The white chief. mayne reid. chapter1

Deep in the interior of the American Continent –
More than a thousand miles from the
Shores of any sea – lies our scene.
Climb with me yonder mountain, and let
Us look from its summit of snow.
We have reached its highest ridge. What
Do we behold?
On the north, a chaos of mountains, that
Continues on through thirty parallels to the
Shores of the Arctic Sea! On the south, the
Same mountains, – here running in separate
Sierras, and there knotting with each other.
On the west, mountains again, profiled along
The sky, and alternating with broad tables
That stretch between their bases.
Now turn we around, and look eastward.
Not a mountain to be seen! Far as the eye
Can reach, and a thousand miles farther, not
A mountain. Yonder dark line rising above
The plain is but the rocky brow of another
Plain – a steppe of higher elevation.
Where are we? On what summit are we
Standing? On the Sierra Blanca, known to
The hunter as the “Spanish Peaks.” We
Are upon the western rim of the Grand
Looking eastward, the eye discovers no
Signs of civilisation. There are none within
A month’s journeying. North and south, –
Mountains, mountains.
Westward, it is different. Through the telescope
We can see cultivated fields afar off, –
A mere strip along the banks of a shining river.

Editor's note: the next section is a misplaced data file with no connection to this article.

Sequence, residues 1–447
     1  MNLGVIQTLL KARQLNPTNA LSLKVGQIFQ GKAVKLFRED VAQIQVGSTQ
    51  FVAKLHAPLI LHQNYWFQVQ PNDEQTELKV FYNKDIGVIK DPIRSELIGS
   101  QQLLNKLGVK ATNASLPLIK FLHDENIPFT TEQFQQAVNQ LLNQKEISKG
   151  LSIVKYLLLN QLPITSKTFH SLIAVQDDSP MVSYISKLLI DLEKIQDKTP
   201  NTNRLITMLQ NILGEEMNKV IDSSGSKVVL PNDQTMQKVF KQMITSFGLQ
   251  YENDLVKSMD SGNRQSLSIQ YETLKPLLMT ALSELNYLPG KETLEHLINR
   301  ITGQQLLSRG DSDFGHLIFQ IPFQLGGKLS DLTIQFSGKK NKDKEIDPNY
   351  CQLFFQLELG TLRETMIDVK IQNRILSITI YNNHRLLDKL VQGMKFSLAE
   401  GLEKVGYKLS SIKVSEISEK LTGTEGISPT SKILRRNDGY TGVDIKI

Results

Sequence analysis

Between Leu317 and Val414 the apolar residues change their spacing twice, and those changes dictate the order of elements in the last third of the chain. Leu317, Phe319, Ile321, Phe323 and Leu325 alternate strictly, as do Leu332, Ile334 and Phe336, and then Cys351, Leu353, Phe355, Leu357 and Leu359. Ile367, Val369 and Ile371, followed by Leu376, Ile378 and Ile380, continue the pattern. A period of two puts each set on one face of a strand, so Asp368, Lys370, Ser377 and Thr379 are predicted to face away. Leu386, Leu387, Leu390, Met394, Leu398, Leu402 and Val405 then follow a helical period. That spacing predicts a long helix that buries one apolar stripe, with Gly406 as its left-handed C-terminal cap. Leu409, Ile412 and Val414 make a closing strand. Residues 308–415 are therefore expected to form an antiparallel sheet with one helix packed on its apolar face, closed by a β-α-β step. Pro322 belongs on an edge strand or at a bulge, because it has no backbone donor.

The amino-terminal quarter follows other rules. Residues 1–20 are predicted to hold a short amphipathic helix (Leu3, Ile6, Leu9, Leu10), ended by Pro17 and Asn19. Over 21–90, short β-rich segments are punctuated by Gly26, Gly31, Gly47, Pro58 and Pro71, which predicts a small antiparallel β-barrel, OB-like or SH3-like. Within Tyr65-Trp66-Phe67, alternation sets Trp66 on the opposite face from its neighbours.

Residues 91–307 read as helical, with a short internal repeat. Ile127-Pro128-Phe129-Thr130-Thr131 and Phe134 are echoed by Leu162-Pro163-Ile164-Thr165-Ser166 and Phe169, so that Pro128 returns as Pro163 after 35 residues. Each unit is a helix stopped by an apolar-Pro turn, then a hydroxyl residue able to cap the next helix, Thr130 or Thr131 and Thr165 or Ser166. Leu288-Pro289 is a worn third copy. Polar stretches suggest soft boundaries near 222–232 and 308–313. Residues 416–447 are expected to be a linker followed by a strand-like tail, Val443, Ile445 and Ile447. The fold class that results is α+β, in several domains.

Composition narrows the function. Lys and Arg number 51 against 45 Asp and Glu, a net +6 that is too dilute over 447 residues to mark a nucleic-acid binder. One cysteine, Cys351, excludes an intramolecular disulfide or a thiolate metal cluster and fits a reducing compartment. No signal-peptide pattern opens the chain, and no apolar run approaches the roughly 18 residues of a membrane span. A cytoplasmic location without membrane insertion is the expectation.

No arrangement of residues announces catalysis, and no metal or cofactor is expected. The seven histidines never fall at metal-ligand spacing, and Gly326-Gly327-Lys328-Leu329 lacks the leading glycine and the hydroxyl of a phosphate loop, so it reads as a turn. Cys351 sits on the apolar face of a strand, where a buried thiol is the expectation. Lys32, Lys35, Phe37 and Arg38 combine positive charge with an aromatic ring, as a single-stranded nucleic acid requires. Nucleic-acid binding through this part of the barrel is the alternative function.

Those are the settlements of Nuevo Mexico,
An oasis irrigated by the Rio Del Norte. The
Scene of our story lies not there.
Face once more to the eastward, and you
Have it before you. The mountain upon which
We stand has its base upon a level plain that
Expands far to the east. There are no foothills.
The plain and the mountain touch, and
At a single step you pass from the naked turf
Of the one to the rocky and pine-clad declivities
Of the other.
The aspect of the plain is varied. In
Some places it is green, where the gramma
Grass has formed a sward; but in most parts
It is sterile as the Saara. Here it appears
Brown, where the sun-parched earth is bare;
There it is of a sandy, yellowish hue; and
Yonder the salt effervescence renders it as
White as the snow upon which we stand.
The scant vegetation clothes it not in a
Livery of

verdure. The leaves of the agave are
Mottled with scarlet, and the dull green of
The cactus is still further obscured by its
Thickly-set spines. The blades of the yuccas
Are dimmed by dust, and resemble clusters of
Half-rusty bayonets; and the low scrubby
Copses of acacia scarce offer a shade to the
Dusky agama and the ground rattlesnake.
Here and there a solitary palmetto, with
Branchless stem and tufted crown, gives an
African aspect to the scene. The eye soon
Tires of a landscape where every object appears
Angular and thorny; and upon this plain, not
Only are the trees of that character, but the
Plants, – even the very grass carries its
With what sensations of pleasure we
Turn to gaze into a lovely valley, trending
Eastward from the base of the mountain!
What a contrast to the arid plain! Its surface
Is covered with a carpet of bright green,
Enamelled by flowers that gleam like manycoloured
Gems; while the cotton-wood, the
Wild china-tree, the live-oak, and the willow,
Mingle their foliage in soft shady groves, that
Seem to invite us. Let us descend!
We have reached the plain, yet the valley
Is still far beneath us – a thousand feet at the
Least – but, from a promontory of the bluff,
Projecting over it, we command a view of
Its entire surface to the distance of many
Miles. It is a level, like the plain above;

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environmental pollution topic
The white chief. mayne reid. chapter1